[ntp:questions] Google and leap seconds
unruh at wormhole.physics.ubc.ca
Thu Sep 22 00:26:19 UTC 2011
On 2011-09-21, Harlan Stenn <stenn at ntp.org> wrote:
> Bill wrote:
>> On 2011-09-21, Harlan Stenn <stenn at ntp.org> wrote:
>> > Bill wrote:
>> >> Some operating systems (eg Linux) have the ability to do a much faster
>> >> than 500PPM rate change (100000PPM in the case of Linux) but ntp does
>> >> not make use of that.
>> > ... because it would violate the assumptions and rules about the loop
>> > behavior (I'm painting with a wide brush here). If you want a system
>> ? But that 500PPM was an arbitrary and random value chosed X years ago.
> "Arbitrary and random" sounds like Spin to me.
> It was several sigmas bigger than the expected worst-case "acceptable"
> clock drift.
And it could have been 1000 PPM or 2000 AFAIK, and it would not have made any
> What are the effects of a different (presumably larger) value going to
> have on the behavior of the loop?
Why should it have any effect? steps do not appear to have any effect.
> What will the effect be on other systems that "associate" with these
> boxes that have the faster rate?
>> > that is designed to work with a faster slew rate that's fine, but then
>> > you also have to consider legacy and interoperability issues.
>> sure. But what legacy issues do you have in mind?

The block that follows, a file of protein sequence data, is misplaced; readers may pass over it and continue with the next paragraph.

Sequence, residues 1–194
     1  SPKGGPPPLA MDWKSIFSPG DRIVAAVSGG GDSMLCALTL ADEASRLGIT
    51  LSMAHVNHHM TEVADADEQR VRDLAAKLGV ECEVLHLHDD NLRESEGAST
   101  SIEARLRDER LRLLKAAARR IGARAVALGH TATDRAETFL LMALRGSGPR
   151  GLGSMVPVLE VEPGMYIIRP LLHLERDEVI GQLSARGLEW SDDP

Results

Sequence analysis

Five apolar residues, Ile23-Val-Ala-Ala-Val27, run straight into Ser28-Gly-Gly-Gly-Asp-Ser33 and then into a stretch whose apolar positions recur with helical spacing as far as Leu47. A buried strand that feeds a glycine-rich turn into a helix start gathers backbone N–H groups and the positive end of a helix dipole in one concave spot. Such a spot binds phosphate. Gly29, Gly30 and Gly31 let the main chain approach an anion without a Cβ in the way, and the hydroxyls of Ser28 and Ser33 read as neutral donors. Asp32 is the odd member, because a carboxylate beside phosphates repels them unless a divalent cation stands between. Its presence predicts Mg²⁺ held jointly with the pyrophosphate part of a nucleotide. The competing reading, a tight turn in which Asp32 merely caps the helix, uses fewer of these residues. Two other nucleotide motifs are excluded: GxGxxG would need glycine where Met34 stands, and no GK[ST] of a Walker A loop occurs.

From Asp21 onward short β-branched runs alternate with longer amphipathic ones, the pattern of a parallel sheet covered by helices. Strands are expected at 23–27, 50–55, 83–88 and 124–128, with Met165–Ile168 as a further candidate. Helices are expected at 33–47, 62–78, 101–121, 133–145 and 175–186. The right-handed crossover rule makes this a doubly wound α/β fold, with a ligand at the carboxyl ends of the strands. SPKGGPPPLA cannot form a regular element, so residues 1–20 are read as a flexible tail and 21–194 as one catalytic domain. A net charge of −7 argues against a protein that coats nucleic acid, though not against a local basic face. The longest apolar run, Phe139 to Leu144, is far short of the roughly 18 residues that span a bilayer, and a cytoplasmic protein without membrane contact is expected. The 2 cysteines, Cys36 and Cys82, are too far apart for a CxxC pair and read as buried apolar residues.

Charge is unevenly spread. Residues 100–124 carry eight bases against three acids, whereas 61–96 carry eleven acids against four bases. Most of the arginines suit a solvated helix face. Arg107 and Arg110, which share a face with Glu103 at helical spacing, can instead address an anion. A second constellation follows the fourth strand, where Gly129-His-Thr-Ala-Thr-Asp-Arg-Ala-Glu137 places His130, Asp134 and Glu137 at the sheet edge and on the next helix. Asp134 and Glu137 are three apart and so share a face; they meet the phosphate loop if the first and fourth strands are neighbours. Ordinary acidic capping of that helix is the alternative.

> machines that operate at the 500ppm limit that are now talking to
> machines that operate at this new higher rate.
Clearly if the machine is at the end of the chain, it should not matter.
If it operates as a server, the 500PPM system will fall behind until the
rate drops and then will catch up. Or it will have an offset greater
than .128ms and step.
> Applications that "knew" that if a time correction was going to happen,
> it would be at the 500ppm rate - this goes to data correlation and
> timestamp sequencing.
But ntpd is allowed to step, so it has to assume that an infinte rate is
> That's just 2 legacy issues off the top of my head.
>> > It also goes to timestamp correlation issues.
>> It would seem to me that a step (infinite PPM) would be far far worse.
>> ntpd does NOT limit the slew rate to 500PPM. It limits it to infinite
> And when it does it logs the event, so it is still traceable and
> auditable. It's also an indication of "something is wrong, as this
> should not have happened."
But your questions where what happens to other systems. a drift of
500PPM for an hour is surely just as bad.
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